This invention utilizes object-oriented programming methodology to develop object-oriented application programs. Object-oriented application programs typically model a problem using an “object model” that defines classes of objects representing elements of the problem. A class of objects is defined in terms of the relationship of the class to other classes, the data and properties (or attributes) associated with objects in the class, and the operations (or tasks) that can be performed on objects in the class. During execution of an object-oriented application program, instances of the classes in the object model, referred to as “objects,” are produced and manipulated. Computation on these “objects” is performed by calling on “methods” defined in business logic components associated with these “objects”. For example, in an accounting management program, the various accounts are defined as the program objects. Each object, i.e., account, has attributes including account name, account number, amount deposited in the account, among others. Tasks associated with these account objects may be “get account number”, “set account name”, “set account amount”, among others. Objects interact with each other and with the business logic code via events or messages. An object may fire an event (or send a message) in order to modify its own properties, or state. Events are received and processed by the subprograms or business logic components associated with these objects. Object-oriented programming languages are well known in the art and are described in “Programming languages” Chapter 11, p 435-483, edited by Robert W. Sebesta.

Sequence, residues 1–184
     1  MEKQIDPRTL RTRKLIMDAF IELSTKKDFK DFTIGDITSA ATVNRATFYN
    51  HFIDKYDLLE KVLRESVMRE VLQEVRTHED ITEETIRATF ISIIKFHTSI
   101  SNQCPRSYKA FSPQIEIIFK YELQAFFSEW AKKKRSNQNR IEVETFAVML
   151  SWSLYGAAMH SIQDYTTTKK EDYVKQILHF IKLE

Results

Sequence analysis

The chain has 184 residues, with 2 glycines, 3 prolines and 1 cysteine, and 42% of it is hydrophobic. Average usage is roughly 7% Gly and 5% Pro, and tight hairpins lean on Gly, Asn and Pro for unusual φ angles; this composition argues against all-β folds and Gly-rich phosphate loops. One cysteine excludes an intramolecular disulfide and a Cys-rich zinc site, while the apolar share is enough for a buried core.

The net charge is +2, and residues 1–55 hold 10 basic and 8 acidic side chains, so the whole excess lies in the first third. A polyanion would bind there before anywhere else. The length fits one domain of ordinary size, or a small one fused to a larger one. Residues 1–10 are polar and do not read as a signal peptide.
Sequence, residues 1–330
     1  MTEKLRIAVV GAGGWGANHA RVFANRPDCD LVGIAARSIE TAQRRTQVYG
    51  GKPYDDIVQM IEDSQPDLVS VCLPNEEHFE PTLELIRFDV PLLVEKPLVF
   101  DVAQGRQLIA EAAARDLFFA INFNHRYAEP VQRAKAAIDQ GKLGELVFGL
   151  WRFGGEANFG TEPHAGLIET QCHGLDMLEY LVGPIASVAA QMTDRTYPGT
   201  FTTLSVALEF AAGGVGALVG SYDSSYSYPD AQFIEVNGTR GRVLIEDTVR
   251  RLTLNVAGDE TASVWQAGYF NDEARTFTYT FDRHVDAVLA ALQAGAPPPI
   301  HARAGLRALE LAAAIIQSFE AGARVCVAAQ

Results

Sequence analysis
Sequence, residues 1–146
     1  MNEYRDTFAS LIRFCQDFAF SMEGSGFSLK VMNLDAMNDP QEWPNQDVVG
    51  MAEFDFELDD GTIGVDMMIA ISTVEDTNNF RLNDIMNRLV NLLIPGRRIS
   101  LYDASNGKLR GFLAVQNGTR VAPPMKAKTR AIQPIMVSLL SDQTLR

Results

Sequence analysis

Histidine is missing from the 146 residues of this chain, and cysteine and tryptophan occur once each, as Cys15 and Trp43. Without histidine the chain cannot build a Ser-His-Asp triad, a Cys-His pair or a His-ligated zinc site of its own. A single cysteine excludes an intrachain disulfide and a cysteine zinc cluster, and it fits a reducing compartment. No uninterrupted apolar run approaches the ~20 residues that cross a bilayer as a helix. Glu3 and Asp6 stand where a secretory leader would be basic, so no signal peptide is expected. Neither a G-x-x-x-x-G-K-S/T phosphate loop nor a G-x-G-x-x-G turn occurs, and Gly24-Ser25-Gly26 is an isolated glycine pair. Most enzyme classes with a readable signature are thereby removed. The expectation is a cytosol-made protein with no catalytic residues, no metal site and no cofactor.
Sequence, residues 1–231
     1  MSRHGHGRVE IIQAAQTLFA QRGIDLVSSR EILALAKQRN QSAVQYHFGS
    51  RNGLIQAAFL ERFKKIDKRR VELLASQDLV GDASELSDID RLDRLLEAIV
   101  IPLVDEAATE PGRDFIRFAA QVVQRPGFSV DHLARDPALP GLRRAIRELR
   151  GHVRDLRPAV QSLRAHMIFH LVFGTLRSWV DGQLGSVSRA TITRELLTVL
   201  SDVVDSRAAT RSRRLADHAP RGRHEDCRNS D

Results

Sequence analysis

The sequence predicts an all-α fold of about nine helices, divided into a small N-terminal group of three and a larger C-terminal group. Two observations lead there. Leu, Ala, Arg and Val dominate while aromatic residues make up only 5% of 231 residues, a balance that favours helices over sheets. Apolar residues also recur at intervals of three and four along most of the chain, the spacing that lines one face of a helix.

Referring to FIG. 5, the object-oriented application code 400 includes one or more markup documents 402 and one or more business logic components 406. The markup documents 402 are files written using an XML markup language. The business logic components 406 include instructions for performing tasks upon the program objects. These instructions are formulated as source code files written in a programming language, such as Java™, JavaScript™, C#, Visual Basic (VB), J#, among others. The business logic components 406 are also program objects. The Client Runtime Environment (CRE) 224 receives the markup documents 402 and converts them into object-oriented representations, i.e., markup objects 404. The markup objects 404 may be user interfaces (UI) 401 or data 403. Each markup object 404 may have events associated with it. For example, in the case of a UI markup object that has input fields or buttons, an event may include highlighting the button or input field, entering text in the field, or clicking the button, among others. The event is received and processed by the business logic component, so that the state of the object is modified. In the example of the user interface with the input fields, where text is entered in the input fields, the business logic component modifies the UI to display the entered text. The object oriented representations of the markup documents 405 and business logic components 406 are bound via a markup-business logic binding mechanism 500.